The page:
Craig Silverman tracks accuracy, errors & the craft of verification.

WSJ mistakenly turned Carol Bartz into a man:

Yahoo Inc.’s ex-CEO Carol Bartz was incorrectly referred to as Mr. Bartz on second reference rather than Ms. Bartz in a Marketplace article Wednesday.

Wall Street Journal

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Thursday, Feb. 09, 2012

Audit Commission

New campaign offers tips to help journalists get their numbers straight

Thanks to a campaign from the U.K.’s Royal Statistical Society, journalists now have access to a great collection of tips to help them report numbers accurately.

Former journalist David Walker is the director of Getstats, the Society’s campaign to improve statistical literacy, and he has set part of his sights on newsrooms.

David Walker

The organization recently released 12 “rules of thumb for journalists” to help them do a better job handling numbers. The tips for “numbers hygiene” include “sniff around” and ask, “out of how many?” Journalism.co.uk also has a related story that offers additional tips to help journalists avoid five common pitfalls related to numbers.

In keeping with the spirit of numeracy, I wrote a previous column that shared advice from Sarah Cohen, author of the book, “Numbers in the Newsroom: Using Math and Statistics in News.”

I also followed up with Walker to learn more about the motivation behind Getstats and to tease out a few more tips from him. Read more

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Flint Journal/MLive.com apologizes for ‘completely off base’ speculation in report

A sports reporter for The Flint Journal and MLive.com has issued an apology and correction after he included unfounded speculation in a Tuesday report about a local basketball league.

Here’s the apology from reporter Ross Maghielse:

In a story that was posted this morning, “Tuesday’s Flint-area prep basketball forecast,” I mentioned that there was “speculation” that the Flint Metro League was “disbanding.” Although it was stated as speculation and not fact, it was completely off base and should not have been included.

The information that it came from was confused with changes that already took place with the Big 9 conference and Saginaw Valley along with potential changes with a different league not associated with the Flint area or the Flint Metro League.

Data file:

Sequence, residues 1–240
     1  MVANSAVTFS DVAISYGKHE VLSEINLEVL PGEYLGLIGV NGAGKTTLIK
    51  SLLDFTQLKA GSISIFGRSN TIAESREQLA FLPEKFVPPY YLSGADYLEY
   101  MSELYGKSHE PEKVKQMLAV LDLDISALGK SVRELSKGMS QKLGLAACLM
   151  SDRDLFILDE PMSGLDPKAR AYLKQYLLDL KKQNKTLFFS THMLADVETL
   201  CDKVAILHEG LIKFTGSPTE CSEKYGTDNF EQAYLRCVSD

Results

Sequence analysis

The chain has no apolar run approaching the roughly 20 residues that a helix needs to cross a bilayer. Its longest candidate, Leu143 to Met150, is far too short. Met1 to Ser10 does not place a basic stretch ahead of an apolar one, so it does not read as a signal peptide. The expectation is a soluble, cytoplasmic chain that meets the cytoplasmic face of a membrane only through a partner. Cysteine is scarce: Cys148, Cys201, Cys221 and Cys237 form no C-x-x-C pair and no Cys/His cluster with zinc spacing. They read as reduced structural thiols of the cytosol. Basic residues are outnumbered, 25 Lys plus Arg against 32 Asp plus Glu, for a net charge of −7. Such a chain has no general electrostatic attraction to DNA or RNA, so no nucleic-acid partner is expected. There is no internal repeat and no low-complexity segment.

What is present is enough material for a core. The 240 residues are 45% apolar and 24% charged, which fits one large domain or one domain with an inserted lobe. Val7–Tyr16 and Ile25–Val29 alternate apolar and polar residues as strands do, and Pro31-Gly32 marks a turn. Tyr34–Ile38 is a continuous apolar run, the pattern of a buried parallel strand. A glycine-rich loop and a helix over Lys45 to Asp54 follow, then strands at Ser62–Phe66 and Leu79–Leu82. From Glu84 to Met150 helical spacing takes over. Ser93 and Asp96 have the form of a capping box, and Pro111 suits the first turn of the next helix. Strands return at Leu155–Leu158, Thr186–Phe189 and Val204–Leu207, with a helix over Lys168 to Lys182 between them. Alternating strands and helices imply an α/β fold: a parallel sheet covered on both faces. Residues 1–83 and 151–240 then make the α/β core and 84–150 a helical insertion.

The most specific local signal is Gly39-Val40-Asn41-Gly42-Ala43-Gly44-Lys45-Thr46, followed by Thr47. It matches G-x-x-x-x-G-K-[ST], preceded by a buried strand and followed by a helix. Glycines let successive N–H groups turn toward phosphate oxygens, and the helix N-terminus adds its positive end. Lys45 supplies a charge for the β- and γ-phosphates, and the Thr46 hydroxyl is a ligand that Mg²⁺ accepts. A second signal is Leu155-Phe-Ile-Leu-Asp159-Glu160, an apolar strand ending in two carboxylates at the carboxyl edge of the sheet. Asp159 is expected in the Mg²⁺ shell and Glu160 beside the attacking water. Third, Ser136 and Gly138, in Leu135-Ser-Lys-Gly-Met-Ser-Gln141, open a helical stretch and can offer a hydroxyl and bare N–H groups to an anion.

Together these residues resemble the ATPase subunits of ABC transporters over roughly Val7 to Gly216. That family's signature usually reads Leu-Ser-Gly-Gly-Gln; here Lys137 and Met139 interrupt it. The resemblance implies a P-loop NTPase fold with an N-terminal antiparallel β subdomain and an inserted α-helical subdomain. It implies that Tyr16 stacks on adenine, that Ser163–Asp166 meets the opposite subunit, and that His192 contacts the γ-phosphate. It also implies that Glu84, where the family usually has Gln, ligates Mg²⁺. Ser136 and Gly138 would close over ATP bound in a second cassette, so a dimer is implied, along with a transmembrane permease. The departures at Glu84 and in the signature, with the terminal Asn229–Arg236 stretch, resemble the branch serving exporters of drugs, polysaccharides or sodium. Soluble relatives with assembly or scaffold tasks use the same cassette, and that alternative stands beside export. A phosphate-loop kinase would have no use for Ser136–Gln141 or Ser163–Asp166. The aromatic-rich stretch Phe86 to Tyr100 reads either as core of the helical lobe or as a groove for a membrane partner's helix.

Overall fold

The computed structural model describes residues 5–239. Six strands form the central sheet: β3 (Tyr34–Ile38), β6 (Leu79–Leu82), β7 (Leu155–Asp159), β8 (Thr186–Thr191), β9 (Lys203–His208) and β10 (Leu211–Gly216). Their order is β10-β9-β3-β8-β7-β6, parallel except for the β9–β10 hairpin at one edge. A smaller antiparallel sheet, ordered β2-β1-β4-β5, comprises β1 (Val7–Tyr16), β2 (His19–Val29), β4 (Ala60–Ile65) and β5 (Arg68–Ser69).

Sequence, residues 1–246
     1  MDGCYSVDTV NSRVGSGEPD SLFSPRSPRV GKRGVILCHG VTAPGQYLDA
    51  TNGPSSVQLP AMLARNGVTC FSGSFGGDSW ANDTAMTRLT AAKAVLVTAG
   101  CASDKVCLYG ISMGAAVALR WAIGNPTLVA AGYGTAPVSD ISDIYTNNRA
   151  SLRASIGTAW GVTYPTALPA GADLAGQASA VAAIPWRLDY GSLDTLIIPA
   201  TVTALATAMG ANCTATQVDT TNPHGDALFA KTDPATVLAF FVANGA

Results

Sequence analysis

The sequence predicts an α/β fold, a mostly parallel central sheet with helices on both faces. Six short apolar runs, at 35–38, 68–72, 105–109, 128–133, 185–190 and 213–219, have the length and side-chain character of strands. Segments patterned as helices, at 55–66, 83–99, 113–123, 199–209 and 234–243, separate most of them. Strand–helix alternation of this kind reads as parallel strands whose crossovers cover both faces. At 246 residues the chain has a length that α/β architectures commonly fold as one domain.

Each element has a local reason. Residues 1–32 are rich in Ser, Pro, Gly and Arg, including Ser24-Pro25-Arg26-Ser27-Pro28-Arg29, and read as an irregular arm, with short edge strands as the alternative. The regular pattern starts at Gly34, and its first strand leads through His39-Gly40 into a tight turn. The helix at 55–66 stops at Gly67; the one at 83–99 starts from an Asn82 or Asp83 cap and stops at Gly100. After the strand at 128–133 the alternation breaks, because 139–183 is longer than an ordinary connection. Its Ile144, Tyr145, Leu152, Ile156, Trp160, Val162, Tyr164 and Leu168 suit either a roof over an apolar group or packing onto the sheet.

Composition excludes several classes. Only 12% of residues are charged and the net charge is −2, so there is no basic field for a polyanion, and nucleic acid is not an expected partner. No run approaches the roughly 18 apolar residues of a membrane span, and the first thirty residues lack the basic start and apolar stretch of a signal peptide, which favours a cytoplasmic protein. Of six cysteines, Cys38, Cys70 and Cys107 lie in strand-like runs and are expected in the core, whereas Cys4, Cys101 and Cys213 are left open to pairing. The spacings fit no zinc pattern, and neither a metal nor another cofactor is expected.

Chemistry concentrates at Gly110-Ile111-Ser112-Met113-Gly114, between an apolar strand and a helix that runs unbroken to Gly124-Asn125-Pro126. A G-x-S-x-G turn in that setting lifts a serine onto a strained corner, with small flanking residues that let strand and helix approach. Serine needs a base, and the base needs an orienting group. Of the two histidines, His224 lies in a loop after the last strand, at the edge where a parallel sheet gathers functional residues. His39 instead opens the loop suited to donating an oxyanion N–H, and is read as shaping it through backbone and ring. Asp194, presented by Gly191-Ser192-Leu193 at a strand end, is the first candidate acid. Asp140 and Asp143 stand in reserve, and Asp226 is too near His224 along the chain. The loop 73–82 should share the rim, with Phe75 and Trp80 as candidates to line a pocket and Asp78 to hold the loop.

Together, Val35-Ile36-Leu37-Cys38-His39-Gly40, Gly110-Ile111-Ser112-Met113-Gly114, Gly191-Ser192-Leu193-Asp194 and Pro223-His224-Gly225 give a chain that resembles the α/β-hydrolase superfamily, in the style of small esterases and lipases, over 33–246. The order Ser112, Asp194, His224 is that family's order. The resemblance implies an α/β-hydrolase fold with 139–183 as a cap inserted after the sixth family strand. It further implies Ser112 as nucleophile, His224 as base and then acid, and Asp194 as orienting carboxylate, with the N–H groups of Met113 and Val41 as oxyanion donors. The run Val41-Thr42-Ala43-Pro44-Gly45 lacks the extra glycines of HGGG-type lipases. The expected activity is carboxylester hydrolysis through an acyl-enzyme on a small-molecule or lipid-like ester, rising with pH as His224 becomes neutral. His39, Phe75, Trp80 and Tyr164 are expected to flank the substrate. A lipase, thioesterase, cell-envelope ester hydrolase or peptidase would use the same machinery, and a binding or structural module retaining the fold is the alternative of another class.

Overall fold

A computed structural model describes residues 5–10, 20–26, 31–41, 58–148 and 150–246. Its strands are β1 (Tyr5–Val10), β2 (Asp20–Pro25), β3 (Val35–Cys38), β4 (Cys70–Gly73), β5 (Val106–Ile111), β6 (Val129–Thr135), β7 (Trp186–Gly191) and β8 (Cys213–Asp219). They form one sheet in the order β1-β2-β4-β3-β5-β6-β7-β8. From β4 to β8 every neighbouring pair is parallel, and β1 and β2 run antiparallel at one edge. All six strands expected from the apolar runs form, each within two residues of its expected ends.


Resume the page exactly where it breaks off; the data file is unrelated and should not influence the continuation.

As a new reporter to the Flint area, I confused the leagues and information into a small snippet of a larger post. The story has been edited with a correction and retraction embedded in it.

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Wednesday, Feb. 08, 2012

5 tips for getting photo IDs right

Mistaken identifications are among the most common photo errors I see corrected by the media. People in photos have either been mislabeled internally or by a photo or wire service, or someone hasn’t checked the image to verify it’s showing who they think it does.

A case in point: this Monday correction in The Independent

In our print edition of Friday 3 February we ran a photograph of an actor named David Bradley under the heading “stars who have slipped.” We very much regret that we used a photograph of the wrong David Bradley and that the David Bradley we pictured is still enjoying a highly successful career, including playing Argus Filch, the caretaker in the Harry Potter films.

This is a bit tricky, as the photo was in fact of an actor named David Bradley — it was just the wrong David Bradley.

Then there are other photo mistakes that on their face seem less clear and forgivable. Read more

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Tuesday, Feb. 07, 2012